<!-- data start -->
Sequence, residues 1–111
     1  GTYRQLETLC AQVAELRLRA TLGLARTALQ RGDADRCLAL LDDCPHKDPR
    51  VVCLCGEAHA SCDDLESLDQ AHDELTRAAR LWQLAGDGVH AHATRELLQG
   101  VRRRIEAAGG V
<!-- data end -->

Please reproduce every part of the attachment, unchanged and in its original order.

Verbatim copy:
Sequence, residues 1–111
     1  GTYRQLETLC AQVAELRLRA TLGLARTALQ RGDADRCLAL LDDCPHKDPR
    51  VVCLCGEAHA SCDDLESLDQ AHDELTRAAR LWQLAGDGVH AHATRELLQG
   101  VRRRIEAAGG V